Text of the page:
Have a look down again at verse 5. Here Jesus spells out what will result if we don't change. If we don't repent. He says that Jesus himself will remove the lampstand from its place.

If you've been driving around cities in the UK for any length of time you will see so many church buildings that are no longer churches. They're cafes or libraries instead. What has happened? In the vast majority of cases, the lampstand has been removed by Jesus. It is not an idle threat. If the love of Jesus is not at the core of everything you do, Jesus will take away our right to be a church representing him.

This is true on a personal level too. We may know people ourselves who, like Nikos, have served lots in our church. As they have slowly abandoned their first love for Jesus, they have started serving for the wrong reasons. They have burnt out. They have become bitter. They no longer are part of the church. This may look from the outside like it is their doing, but maybe it is Jesus removing them as he keeps the focus of his church on himself. This is a very serious threat to us. We all should take it very seriously.

Jesus finishes off his letter to the church in Ephesus with an encouragement. Verse 7 says:

"He who has an ear, let him hear what the Spirit says to the churches. To the one who conquers I will grant to eat of the tree of life, which is in the paradise of God."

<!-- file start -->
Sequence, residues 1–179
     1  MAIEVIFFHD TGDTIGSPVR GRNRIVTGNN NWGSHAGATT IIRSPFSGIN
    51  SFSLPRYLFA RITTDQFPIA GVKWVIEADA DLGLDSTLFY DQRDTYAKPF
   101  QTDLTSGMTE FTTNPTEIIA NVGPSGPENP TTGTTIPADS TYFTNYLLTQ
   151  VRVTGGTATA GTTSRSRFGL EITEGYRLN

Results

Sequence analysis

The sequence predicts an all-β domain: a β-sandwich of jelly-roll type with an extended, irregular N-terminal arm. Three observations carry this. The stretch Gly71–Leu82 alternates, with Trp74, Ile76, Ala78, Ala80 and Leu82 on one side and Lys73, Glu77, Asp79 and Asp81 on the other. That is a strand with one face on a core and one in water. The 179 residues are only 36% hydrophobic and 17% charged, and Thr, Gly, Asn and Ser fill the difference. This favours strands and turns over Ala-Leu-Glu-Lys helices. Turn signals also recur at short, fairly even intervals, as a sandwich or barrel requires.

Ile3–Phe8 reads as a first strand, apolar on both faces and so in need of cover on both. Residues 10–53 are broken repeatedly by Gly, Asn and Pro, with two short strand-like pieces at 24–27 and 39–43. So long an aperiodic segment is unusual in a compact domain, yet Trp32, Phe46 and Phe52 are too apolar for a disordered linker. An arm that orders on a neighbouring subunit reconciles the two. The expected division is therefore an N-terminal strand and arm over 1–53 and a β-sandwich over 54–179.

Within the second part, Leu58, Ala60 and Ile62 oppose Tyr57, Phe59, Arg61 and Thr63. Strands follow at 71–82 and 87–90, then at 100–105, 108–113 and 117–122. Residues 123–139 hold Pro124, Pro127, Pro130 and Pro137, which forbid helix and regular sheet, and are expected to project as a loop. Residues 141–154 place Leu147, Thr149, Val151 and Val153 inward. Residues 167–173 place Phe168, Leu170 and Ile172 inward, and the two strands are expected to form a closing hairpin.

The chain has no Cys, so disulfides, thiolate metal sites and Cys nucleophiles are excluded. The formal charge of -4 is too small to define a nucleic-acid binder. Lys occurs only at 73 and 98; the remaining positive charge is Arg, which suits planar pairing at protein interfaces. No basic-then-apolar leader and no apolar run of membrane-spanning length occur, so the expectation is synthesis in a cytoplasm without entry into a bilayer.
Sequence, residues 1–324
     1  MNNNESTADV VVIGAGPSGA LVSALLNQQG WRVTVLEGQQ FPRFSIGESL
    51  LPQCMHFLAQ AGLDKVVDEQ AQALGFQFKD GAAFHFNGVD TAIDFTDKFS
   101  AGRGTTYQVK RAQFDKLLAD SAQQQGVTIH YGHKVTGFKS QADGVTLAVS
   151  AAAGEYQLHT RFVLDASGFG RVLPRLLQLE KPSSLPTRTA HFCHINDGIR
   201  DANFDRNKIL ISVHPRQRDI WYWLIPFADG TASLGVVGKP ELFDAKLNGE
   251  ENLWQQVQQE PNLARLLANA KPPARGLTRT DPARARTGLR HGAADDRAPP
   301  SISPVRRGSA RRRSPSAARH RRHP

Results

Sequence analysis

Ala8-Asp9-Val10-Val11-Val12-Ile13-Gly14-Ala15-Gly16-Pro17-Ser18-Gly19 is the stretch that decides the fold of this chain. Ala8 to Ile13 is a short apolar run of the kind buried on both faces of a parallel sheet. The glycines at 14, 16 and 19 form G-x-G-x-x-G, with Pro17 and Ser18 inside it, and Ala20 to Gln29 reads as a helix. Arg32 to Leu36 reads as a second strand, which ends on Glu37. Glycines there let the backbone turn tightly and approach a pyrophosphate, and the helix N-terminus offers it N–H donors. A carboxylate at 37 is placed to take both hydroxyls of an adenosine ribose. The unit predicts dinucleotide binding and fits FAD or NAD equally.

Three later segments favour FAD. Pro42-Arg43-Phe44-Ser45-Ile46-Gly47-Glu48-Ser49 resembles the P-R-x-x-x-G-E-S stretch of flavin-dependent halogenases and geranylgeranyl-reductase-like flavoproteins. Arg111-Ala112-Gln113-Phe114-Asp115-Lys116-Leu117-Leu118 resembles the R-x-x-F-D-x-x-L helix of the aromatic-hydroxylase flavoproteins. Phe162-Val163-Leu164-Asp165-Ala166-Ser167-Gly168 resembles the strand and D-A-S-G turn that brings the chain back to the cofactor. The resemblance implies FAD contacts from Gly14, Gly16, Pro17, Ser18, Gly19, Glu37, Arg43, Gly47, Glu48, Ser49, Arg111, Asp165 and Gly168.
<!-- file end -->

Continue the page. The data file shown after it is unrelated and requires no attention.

So after the threat of taking the lampstand away, Jesus encourages his church. He encourages them by reminding them of the prize for the church who conquers. The conqueror, the one who listens to this letter, takes it to heart and acts, has something very exciting to look forward to. He says that he will grant them to eat of the tree of life in the paradise of God.

This image is taken straight out of the first chapters of the Bible in Genesis. Where Adam and Eve were given a tree whose fruit would keep them alive. Access to this tree was an incredible gift from God. They chose instead to eat from the one tree he told them not to eat from. And because of their sin, their disobedience we too are stained with sin. We too disobey God. We too have no access to the tree of life. Death is a reality. But Jesus here at the end of the Bible is showing that the story of the Bible has gone full circle. That due to his love for us, he has provided us with a way to eat from that tree of life again. What is the paradise of God? Well, its where God dwells! That is what makes it a paradise. The God, who the Bible says is love himself, offers the conqueror, the one who loves Jesus, eternity to love Jesus in. Eternity to enjoy God in.

If you are sitting here today wondering how you could possibly love Jesus. Nothing displays how worthy Jesus is of your love more than that. That he loved you first. And showed this by dying. Taking what you deserved. The punishment of God. And giving you instead, the paradise of God.

Back to top